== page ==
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Say we have a session key of between 0000000000-9999999999, providing 33.2bits of entropy. This is far short of the 128bits recommended by most.

Of course, it is normally trivial to change session keys to be of reasonable length, but there are a lot of legacy systems out there using shorter session keys.

At what point, assuming that the generation of session keys is random, does the entropy mean that real-world attacks are possible?

33.2bits of entropy on a low-traffic site unable to handle high-speed brute-forcing is still a long time.

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    That can also make your site more likely to be brute forced (and possibly brought offline if it can't handle the traffic) as a short session key is more tempting than say the standard recommended 128bit key. Related OWASP article : owasp.org/index.php/Insufficient_Session-ID_Length
    – user42178
    Commented Mar 10, 2015 at 16:46
  • Searched OWASP and didn't see that specific page. Pretty much answers the question. Commented Mar 10, 2015 at 16:50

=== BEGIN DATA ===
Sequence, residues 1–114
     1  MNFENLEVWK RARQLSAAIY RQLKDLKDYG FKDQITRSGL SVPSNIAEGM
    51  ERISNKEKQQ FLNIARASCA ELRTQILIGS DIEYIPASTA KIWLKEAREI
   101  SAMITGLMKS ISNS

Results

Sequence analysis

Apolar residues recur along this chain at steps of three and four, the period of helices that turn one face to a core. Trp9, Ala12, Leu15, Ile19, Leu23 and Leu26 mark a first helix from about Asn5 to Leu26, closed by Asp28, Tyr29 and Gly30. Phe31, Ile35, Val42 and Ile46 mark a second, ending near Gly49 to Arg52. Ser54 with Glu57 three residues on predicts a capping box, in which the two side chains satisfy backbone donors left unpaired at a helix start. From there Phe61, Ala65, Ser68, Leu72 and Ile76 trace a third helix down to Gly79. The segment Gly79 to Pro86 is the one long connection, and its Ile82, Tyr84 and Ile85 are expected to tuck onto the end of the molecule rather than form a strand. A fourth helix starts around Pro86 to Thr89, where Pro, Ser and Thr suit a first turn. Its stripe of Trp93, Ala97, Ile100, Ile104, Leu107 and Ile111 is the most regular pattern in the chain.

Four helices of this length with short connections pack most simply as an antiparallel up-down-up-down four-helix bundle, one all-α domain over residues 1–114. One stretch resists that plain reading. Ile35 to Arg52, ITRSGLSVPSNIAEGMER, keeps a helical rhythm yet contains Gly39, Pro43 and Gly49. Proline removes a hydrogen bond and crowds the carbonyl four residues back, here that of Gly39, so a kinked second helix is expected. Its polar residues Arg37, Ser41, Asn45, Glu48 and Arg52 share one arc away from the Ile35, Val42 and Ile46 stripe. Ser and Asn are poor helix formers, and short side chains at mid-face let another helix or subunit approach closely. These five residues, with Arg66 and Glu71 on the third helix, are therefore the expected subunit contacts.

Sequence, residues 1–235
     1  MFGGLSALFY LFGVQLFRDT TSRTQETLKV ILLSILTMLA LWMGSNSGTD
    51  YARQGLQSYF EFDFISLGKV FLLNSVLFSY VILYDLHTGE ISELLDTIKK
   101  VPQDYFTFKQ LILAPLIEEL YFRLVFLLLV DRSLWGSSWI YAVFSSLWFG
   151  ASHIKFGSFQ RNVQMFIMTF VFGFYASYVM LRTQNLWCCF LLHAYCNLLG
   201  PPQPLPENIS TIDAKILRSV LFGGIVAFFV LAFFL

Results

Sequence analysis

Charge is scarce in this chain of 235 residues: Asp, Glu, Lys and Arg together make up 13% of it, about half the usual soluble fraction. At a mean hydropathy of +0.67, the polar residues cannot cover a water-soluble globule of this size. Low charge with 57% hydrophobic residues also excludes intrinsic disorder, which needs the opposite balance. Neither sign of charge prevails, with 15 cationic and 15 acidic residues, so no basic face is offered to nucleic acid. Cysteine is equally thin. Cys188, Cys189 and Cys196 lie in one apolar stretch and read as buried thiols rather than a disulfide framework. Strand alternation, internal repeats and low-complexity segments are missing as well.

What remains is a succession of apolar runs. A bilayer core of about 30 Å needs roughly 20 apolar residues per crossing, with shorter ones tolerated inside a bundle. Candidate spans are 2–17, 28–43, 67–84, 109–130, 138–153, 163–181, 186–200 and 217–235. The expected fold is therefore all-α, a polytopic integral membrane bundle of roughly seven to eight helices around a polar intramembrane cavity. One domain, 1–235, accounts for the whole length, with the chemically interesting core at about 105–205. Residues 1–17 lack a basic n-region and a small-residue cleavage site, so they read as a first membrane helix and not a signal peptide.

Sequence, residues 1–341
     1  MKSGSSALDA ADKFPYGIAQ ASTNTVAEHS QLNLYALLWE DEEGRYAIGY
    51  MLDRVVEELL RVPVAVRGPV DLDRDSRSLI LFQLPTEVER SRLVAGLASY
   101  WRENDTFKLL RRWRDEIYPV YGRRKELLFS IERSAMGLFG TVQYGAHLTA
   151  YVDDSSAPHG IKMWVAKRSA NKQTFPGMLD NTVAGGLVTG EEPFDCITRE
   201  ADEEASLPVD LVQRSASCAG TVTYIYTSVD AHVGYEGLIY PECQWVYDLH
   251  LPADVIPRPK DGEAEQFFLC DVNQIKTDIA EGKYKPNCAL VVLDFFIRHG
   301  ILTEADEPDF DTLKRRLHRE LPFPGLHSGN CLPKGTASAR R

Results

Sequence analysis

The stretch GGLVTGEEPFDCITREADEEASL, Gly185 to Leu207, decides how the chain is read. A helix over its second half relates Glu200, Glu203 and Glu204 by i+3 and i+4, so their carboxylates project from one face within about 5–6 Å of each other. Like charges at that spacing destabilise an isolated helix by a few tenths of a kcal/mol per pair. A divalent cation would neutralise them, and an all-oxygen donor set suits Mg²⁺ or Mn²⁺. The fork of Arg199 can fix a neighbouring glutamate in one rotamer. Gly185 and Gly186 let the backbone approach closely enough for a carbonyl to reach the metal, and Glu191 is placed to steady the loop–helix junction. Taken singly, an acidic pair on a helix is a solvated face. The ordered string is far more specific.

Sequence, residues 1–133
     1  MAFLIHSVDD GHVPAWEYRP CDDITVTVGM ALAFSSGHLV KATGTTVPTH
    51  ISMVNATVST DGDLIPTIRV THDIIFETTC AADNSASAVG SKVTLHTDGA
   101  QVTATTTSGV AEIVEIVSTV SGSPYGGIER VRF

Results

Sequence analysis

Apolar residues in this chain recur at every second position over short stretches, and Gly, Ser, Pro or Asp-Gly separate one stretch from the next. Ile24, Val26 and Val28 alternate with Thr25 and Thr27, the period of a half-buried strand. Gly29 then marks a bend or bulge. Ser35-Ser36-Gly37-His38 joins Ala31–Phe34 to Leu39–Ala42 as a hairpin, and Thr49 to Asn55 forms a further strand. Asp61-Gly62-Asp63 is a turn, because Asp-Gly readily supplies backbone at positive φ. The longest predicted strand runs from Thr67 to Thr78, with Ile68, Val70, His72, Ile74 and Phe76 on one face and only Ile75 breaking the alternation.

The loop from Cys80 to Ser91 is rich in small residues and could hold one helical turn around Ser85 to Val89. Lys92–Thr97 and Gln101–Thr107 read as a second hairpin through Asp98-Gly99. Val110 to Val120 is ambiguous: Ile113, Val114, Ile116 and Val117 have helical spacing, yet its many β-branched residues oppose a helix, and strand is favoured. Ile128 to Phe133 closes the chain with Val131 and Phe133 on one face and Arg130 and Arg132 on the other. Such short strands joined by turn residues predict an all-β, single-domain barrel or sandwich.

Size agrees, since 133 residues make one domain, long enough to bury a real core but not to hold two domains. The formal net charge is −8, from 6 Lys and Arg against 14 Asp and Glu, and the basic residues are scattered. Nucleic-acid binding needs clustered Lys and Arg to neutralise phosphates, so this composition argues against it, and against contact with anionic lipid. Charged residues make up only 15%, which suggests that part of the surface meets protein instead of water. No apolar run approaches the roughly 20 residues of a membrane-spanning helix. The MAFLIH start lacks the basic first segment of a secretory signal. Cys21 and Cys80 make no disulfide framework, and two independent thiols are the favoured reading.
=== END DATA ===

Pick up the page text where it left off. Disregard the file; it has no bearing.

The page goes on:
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Well, you said it. It depends on the context. Precisely, it depends on what the attacker has to do to test an hypothesis on the session key.

If the attacker, to test a key, must talk to your server, then this is an online attack and it won't go faster than what your server can do -- moreover, you could apply countermeasures, e.g. stop talking to clients that obviously engage in attackish behaviour. 33 bits ought to be enough for that. This is, after all, the situation of servers that do password-based authentication of clients.

If the attacker can just do computations on his own machines, to ascertain whether a potential session key is the right one or not, then this is an offline attack, limited only by the computing power available to the attacker. In that situation, 33 bits are way too few to be much of a problem for the attacker. Exact threshold depends on the attacker's motivation, his available computing power, his patience, and the amount of computations needed to verify one session key; but 33 bits are really too low for that.

Whether the context is that of an online or offline attack depends on the details of your protocols. If the "session key" is just sent to the server within a SSL tunnel (e.g. a cookie for an HTTPS Web site), then this is an "online attack" context. Just configure your firewall to block clients that connect too many times within a small time frame, and you should be fine (or, at least, finer than your competitors, so attackers will attack them, not you).

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